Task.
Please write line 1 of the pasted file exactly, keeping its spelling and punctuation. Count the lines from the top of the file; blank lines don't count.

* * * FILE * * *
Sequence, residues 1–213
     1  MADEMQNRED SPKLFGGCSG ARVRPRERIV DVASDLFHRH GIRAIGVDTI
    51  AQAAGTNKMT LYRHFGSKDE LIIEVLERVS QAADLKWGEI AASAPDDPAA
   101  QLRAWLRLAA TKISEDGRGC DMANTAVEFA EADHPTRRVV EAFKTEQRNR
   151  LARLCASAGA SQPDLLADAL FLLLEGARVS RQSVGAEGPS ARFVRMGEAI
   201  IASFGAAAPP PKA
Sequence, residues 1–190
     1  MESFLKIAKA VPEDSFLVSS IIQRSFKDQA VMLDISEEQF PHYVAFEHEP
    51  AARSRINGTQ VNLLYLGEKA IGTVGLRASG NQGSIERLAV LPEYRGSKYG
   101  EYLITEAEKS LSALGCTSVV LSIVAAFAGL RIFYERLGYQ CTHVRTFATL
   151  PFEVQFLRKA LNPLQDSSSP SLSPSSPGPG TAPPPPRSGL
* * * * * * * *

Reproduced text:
Sequence, residues 1–213